New Public Administration evening course off to a flying start
The introductory meeting of the new evening track Management and Consultancy (MSc Management Public Sector) was held on Thursday 3 February at Wijnhaven. Prof. dr. Frits van der Meer, in charge of the professional Public Administration master programme, welcomed the first cohort of students together with a number of teachers from the track.
Careers in the field of public administration
Most students have already started their careers, predominantly in or on behalf of the field of public administration, and are, for instance, working for municipalities, implementing organisations such as the tax authority or the Central Agency for the Reception of Asylum Seekers, higher education institutions, and consultancy firms. The aim of this track is to educate students to become academic professionals able to tackle the many and complex challenges current day public administration finds itself faced with. The students also received practical information with regards to the track and opportunities for additional challenges and support.
Former Minister for Legal Protection Sander Dekker provided an interactive guest lecture for the students. With evident pleasure, he invited the students to reflect on the challenges from their own work place, such as the lawful and effective use of the NPO budget, the benefits affair, housing of asylum seekers, and influencing behaviour of citizens as government by setting a good example.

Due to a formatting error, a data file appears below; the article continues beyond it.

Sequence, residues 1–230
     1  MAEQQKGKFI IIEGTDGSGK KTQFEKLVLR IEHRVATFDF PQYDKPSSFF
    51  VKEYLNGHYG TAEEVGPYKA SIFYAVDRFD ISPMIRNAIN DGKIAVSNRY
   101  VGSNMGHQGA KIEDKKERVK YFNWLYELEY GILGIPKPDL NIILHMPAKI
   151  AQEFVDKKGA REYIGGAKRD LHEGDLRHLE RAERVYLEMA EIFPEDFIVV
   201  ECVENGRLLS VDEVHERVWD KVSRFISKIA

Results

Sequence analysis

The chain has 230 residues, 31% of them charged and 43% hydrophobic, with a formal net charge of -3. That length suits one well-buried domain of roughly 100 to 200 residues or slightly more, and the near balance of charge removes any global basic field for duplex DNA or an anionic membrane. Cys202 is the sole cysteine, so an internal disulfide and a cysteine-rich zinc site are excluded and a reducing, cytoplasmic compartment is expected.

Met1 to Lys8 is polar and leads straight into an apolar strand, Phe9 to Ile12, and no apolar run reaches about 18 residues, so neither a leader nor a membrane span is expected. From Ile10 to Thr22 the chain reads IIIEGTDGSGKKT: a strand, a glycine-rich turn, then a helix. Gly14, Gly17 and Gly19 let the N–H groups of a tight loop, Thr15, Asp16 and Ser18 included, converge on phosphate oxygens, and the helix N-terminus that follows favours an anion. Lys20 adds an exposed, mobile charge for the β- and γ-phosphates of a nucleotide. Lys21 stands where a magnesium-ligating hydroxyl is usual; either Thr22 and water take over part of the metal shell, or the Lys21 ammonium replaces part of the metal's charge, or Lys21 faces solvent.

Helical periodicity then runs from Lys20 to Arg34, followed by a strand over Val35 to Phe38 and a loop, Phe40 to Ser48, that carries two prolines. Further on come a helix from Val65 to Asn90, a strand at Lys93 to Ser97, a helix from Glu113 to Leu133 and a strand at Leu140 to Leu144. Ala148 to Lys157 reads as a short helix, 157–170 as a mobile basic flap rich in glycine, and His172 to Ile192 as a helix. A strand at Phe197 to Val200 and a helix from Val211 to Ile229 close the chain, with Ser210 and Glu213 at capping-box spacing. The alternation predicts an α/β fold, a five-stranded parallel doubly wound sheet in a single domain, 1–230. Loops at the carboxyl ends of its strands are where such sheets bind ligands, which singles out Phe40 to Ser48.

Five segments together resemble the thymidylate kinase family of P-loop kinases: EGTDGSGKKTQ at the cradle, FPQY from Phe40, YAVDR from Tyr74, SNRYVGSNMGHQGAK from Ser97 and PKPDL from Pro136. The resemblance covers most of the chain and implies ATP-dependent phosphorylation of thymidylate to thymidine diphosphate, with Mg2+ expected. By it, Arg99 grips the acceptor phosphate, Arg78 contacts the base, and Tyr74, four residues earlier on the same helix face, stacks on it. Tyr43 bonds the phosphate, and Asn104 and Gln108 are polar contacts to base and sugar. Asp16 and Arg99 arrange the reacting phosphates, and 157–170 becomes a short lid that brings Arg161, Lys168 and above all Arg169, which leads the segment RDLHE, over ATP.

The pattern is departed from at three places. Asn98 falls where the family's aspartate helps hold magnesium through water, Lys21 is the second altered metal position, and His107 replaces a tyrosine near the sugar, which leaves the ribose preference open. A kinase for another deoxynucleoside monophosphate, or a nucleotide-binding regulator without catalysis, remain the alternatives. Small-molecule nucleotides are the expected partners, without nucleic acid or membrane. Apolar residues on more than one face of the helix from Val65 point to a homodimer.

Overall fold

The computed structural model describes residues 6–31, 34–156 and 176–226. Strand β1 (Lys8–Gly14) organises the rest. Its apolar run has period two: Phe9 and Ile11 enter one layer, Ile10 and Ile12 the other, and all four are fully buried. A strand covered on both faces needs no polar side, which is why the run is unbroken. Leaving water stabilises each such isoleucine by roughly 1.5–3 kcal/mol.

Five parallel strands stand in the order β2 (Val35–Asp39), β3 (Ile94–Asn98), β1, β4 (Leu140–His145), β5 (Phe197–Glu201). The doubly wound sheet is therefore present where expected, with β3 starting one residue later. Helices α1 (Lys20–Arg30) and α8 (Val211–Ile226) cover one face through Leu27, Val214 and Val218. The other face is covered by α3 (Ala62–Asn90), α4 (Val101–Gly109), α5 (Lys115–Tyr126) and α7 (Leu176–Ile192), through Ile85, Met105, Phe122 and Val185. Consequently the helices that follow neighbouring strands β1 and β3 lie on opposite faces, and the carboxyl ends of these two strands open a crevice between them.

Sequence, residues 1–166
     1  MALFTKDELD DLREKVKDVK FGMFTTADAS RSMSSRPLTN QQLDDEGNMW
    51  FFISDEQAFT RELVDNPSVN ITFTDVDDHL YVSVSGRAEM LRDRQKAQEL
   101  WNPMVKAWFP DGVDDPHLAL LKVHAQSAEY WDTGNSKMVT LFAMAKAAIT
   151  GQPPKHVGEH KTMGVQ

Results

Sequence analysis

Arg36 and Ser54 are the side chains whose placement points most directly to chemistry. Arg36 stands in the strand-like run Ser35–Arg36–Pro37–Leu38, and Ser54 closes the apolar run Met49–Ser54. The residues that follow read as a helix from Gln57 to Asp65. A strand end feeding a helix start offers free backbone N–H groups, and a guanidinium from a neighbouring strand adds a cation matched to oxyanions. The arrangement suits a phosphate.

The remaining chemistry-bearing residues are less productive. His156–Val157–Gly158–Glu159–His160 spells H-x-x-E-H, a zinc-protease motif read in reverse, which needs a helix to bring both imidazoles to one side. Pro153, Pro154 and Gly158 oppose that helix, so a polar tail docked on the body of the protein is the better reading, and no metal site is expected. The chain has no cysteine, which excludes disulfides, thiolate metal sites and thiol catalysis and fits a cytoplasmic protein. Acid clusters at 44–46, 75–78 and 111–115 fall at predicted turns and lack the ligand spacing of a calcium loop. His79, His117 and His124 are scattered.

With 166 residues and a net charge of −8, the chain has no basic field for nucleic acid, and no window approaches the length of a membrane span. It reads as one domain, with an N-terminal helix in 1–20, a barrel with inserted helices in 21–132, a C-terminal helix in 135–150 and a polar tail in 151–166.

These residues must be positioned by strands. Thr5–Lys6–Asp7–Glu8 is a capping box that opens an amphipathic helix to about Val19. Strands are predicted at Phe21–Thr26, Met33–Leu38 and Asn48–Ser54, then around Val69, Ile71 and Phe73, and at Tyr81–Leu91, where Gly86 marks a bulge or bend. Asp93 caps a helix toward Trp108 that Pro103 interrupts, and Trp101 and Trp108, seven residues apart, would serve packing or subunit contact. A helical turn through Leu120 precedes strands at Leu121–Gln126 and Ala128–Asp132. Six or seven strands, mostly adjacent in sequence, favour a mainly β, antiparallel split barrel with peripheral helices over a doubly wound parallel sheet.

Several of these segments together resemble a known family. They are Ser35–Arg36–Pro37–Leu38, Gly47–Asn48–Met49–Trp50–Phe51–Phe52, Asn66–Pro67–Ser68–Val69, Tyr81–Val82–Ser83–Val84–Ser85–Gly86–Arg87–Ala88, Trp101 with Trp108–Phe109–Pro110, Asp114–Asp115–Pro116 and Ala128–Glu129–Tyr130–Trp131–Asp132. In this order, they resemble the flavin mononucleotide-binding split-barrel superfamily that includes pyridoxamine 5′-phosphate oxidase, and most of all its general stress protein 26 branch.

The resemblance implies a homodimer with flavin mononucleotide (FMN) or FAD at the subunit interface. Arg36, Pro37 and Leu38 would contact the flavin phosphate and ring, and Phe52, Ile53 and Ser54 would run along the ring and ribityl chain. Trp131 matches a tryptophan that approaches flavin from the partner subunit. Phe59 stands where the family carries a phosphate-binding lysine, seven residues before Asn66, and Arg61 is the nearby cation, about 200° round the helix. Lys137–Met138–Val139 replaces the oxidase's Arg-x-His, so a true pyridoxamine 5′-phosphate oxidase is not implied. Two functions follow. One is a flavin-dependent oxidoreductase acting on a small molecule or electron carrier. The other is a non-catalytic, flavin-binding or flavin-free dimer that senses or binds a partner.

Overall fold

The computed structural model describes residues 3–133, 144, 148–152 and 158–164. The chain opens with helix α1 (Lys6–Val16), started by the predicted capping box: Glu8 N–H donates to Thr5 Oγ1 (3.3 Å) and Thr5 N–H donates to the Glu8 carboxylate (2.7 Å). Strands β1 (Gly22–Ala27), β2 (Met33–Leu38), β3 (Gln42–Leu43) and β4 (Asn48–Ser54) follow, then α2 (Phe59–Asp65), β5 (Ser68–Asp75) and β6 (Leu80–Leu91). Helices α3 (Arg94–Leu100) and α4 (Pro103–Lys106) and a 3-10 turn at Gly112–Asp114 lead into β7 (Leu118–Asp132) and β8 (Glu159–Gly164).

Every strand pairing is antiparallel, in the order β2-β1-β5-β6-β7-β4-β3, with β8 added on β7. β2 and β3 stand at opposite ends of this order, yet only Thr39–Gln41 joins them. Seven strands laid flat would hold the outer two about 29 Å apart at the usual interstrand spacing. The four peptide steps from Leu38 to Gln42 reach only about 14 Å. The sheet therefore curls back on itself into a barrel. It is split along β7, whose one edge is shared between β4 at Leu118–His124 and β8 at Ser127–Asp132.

He made use of his own experiences as former minister and provided several examples from his own policy domains throughout his lecture. The tension field between political and administrative relations provided much topic for discussion. To which conditions does good policy advice need to adhere? Which policy instruments are at the disposal of civil servants to meet the policy objectives that have been set? Dekker emphasised the importance of a good in-depth debate with his policy advisors to enable him to weigh the pros and cons and their respective interests in order to come to a well-informed decision as minister. But happens when you, as policy advisor, do not agree with this decision? How much leeway for opposition is there within the discussion?